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Council approves tax abatement for Rountree redevelopment

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City Council last night approved plans and a blight report for a multifamily project in the Rountree neighborhood where a development moratorium currently is in place.

Introduced at council’s Aug. 7 meeting, the plans for the project, at 1325 and 1329 E. Cherry St., call for the demolition of two current structures and the construction of two 12-unit buildings. Following that meeting, Butler, Rosenbury & Partners Inc. architect Geoffrey Butler, who represented Roza Homes LLC, shared a letter the developer penned to council members. According to the letter, the project would have a $301,252 tax abatement over 10 years.

“This is truly a case where the project will not be built but for the tax abatement,” the letter reads. “If it isn’t built, the property will stay underdeveloped for the foreseeable future.”

Last night, Councilman Richard Ollis expressed concerns about the potential overuse of blight and abatements.

“I’m conflicted on this. I will say it’s going to remove dilapidated homes in the area and the developer is proposing a very nice project,” Ollis said. “I’ll support it, reluctantly, but really feel strongly that we ought to work with staff to come up with a workable [blight] program.”

Built in 1905 and 1920, both of the old houses have sagging patios, rotting window frames and outdated gas heating systems, and they’re likely to contain lead-based paint.

The project was approved 5-3, with council members Mike Schilling, Craig Fishel and Kristi Fulnecky in opposition. Councilman Craig Hosmer was absent.

Roza Homes is sidestepping the Rountree neighborhood development moratorium because it does not require a lot combination or rezoning.

Council members also last night approved an amendment to a redevelopment plan submitted by the Beverly Lofts Corp.

The plan, originally approved in April, needed changes after developer Jason Murray was advised floor plans should be revised in order to receive state and federal historic preservation tax credits. Changes to the redevelopment plans at the corner of Cherry Street and Kimbrough Avenue mean the increase to as many as 50 units compared with the original 41.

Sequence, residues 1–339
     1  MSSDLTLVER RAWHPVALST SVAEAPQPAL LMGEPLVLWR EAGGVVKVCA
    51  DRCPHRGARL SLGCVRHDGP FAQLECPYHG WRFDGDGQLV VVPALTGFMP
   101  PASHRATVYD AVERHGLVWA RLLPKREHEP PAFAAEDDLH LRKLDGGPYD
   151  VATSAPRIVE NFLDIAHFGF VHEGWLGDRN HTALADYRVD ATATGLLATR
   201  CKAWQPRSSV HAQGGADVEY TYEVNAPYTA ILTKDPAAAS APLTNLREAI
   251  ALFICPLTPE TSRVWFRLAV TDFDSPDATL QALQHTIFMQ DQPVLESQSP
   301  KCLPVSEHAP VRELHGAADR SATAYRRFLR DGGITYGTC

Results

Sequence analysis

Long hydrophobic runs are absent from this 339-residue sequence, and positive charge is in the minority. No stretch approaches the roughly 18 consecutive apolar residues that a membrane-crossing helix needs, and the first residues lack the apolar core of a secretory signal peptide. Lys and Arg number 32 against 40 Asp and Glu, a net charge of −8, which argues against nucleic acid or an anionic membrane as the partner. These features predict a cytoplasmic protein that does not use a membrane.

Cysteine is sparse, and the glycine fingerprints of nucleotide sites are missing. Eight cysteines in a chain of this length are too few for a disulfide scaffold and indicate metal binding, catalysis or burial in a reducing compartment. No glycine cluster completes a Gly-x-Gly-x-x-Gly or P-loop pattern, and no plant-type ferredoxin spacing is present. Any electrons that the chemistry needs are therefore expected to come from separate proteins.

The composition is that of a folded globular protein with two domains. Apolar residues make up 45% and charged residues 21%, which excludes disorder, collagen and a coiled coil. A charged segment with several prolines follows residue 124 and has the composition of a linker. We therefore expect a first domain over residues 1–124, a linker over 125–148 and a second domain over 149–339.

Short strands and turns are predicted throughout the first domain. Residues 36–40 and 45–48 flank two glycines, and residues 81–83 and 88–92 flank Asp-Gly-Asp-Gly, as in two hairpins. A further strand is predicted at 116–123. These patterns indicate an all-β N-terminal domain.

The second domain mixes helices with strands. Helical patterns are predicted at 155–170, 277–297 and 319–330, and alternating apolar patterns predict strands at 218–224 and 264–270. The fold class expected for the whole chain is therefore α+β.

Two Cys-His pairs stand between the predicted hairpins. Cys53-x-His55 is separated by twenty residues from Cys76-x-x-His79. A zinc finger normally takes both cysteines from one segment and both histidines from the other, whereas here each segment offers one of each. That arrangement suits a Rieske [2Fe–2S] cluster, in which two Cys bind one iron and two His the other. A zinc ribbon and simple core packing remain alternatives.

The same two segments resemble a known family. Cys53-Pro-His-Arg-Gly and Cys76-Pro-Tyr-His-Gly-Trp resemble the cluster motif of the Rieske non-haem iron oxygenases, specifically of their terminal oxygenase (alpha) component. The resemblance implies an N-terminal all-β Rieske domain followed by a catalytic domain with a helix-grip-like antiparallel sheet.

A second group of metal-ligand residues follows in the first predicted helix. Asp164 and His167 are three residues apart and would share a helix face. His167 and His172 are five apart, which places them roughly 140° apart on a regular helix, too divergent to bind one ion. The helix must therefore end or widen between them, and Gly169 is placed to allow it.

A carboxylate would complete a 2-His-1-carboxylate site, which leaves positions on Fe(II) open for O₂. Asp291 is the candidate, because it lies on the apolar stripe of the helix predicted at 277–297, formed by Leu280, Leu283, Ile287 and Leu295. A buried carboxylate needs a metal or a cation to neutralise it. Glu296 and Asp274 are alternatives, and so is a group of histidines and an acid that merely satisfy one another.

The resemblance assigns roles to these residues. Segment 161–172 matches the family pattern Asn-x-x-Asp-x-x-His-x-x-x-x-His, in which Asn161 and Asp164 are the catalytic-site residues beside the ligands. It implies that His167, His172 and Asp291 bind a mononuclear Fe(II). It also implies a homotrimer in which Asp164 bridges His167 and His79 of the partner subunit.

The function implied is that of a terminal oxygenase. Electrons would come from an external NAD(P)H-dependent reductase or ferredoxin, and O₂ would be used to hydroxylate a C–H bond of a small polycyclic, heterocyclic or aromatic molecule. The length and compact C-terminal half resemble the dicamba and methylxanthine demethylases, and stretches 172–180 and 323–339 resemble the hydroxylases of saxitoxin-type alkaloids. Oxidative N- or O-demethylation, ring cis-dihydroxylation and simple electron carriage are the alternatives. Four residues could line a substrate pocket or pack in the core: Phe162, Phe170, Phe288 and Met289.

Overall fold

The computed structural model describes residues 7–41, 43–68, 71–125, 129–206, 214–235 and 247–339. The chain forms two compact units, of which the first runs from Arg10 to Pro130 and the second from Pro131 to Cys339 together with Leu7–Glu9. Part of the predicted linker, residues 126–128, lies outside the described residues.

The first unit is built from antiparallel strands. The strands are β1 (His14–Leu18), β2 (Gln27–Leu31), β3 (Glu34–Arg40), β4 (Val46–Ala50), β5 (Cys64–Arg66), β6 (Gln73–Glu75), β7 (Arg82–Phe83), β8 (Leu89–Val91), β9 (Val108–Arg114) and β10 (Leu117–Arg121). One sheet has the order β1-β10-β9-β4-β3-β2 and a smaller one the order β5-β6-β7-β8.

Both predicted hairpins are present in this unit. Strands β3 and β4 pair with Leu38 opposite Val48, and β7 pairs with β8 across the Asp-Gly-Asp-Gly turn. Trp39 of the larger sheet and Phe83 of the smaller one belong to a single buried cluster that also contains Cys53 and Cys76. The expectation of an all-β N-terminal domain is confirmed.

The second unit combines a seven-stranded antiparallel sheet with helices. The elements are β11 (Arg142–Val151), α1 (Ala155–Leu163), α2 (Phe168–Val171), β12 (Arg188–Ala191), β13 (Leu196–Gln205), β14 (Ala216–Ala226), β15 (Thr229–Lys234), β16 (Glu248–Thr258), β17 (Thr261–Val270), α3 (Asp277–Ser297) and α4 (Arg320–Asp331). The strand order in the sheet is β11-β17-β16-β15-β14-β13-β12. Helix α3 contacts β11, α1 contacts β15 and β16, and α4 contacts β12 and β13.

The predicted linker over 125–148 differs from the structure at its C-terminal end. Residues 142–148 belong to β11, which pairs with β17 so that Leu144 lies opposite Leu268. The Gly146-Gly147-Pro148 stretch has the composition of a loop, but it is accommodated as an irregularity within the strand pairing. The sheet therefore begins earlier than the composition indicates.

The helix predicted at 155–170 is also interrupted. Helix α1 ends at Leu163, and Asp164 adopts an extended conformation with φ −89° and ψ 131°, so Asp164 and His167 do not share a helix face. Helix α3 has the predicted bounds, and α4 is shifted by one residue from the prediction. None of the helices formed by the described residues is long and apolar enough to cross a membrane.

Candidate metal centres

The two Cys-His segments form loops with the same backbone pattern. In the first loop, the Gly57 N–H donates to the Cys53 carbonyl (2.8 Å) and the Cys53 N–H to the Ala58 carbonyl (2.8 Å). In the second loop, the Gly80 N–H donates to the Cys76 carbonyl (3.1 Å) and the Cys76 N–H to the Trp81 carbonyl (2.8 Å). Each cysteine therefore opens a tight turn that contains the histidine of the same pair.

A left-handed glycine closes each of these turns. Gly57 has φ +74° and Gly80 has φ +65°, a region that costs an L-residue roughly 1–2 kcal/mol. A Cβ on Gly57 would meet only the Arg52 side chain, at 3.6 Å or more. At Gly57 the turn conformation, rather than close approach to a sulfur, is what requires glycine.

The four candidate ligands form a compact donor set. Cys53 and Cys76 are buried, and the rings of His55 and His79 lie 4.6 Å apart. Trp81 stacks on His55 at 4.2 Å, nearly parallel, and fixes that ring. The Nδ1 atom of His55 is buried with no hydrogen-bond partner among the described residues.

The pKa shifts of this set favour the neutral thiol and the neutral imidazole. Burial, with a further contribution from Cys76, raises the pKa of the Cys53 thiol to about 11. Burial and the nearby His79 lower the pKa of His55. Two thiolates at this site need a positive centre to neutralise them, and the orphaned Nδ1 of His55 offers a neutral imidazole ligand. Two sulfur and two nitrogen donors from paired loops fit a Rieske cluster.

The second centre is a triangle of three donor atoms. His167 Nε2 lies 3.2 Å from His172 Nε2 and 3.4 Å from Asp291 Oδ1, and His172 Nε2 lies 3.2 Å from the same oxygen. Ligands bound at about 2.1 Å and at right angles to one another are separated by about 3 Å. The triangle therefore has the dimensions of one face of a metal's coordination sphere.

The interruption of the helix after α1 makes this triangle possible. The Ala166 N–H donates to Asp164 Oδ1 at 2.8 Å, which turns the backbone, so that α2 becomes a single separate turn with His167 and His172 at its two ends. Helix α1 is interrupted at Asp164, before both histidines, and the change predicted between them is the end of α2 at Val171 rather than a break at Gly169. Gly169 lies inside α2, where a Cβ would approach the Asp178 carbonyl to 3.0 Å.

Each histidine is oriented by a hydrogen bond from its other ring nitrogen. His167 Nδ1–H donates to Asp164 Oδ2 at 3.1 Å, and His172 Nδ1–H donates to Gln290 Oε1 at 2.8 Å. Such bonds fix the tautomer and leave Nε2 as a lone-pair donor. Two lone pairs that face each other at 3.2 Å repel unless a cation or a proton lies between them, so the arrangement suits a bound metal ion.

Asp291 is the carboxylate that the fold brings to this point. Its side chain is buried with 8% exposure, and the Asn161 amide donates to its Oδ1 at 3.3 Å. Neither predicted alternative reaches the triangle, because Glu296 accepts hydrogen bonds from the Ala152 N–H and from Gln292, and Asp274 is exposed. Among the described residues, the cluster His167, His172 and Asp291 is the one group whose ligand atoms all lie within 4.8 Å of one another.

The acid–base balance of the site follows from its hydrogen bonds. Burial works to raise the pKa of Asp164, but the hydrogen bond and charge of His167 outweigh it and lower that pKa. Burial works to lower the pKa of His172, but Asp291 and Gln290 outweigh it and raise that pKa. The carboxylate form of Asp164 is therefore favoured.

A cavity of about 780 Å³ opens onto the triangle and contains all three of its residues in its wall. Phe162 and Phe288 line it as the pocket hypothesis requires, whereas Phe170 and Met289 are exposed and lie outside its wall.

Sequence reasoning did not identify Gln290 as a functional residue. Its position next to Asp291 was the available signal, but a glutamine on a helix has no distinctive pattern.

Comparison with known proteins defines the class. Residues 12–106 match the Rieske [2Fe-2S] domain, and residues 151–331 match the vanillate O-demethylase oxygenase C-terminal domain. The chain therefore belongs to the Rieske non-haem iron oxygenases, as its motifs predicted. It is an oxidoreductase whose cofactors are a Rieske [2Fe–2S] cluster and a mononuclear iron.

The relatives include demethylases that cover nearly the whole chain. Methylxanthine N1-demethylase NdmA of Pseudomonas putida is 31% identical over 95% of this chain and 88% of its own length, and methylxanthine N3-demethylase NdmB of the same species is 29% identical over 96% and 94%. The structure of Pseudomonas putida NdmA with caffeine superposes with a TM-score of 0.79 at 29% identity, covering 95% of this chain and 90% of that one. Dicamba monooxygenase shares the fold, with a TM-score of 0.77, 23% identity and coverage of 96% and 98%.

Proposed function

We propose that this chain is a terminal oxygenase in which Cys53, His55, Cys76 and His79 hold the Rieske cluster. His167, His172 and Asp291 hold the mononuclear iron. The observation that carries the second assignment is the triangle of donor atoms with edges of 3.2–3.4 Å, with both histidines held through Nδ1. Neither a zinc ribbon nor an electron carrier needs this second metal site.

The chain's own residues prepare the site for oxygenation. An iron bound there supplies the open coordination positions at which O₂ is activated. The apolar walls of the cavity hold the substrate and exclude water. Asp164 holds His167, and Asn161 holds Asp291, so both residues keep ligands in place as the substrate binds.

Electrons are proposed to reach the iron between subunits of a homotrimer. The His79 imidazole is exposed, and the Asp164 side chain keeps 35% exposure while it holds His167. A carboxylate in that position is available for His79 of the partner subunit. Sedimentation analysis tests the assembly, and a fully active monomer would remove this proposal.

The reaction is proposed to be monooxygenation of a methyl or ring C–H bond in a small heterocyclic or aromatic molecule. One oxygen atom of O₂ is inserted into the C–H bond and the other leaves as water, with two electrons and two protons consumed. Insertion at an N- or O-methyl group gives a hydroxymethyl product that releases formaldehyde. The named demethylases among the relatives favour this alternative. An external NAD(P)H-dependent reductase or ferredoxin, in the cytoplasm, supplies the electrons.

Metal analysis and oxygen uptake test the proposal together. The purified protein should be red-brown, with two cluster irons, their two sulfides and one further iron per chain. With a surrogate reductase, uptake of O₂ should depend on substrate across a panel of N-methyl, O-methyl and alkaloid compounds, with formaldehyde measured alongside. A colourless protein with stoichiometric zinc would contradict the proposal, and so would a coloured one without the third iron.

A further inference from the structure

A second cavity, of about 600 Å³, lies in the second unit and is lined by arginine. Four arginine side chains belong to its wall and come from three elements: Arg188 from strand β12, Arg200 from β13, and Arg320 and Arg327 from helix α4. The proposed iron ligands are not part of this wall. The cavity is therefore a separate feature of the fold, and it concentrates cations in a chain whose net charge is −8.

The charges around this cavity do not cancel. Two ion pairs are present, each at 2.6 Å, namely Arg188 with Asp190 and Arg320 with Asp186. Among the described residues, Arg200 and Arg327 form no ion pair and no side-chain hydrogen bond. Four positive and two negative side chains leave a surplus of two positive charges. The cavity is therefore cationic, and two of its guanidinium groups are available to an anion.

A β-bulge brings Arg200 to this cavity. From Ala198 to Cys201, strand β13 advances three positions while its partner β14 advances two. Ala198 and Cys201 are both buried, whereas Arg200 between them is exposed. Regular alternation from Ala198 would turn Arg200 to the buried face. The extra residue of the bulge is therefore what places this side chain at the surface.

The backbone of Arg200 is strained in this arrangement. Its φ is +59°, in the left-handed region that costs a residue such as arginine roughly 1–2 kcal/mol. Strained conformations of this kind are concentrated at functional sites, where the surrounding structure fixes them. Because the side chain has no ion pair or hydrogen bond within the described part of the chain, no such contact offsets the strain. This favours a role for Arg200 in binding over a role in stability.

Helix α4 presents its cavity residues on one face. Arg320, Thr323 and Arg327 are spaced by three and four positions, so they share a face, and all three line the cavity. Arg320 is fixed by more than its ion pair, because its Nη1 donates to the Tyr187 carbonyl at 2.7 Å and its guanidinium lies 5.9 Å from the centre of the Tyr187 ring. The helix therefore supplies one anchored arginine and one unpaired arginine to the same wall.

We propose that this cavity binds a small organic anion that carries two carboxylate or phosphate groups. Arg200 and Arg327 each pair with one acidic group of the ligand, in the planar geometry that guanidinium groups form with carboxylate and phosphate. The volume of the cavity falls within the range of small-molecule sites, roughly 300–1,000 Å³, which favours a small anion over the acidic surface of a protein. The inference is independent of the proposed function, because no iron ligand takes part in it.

The amendment passed 7-1, with Fishel in opposition.

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shelia wright

I am very much opposed to the demolition and redevelopment of the 2 properties. the 2 homes were owned and maintained by the previous owners who are now deceased. The homes were always maintained and kept in perfect condition. they lived in 1329 and purchased the home at 1325 and used it as storage for their extended family.

they purchased 1325 before a developer bought it and turned it into apartments. From 1983 thru 1988 our family bought the home at 1303 E. Cherry. We later learned it was on a city map as a "dilapidated structure." We were shocked, since we were living there. We moved here from Mobile, Al. and all our friends there thought the home must be gutted. They could not believe we got the home for $85.000. We could not buy a 3 room shotgun home in Mobile for that low figure. We even bought 1335 cherry at auction to keep a slum lord from buying it. we later sold it for a small profit to a family with 3 children. Our former home at 1303 was recently featured in the News Leader as the home of the week. The 2 homes became dilapidated because they were bought, the widows were busted and no repairs were made despite storm damage. Now here goes our neighborhood.

Saturday, August 26, 2017
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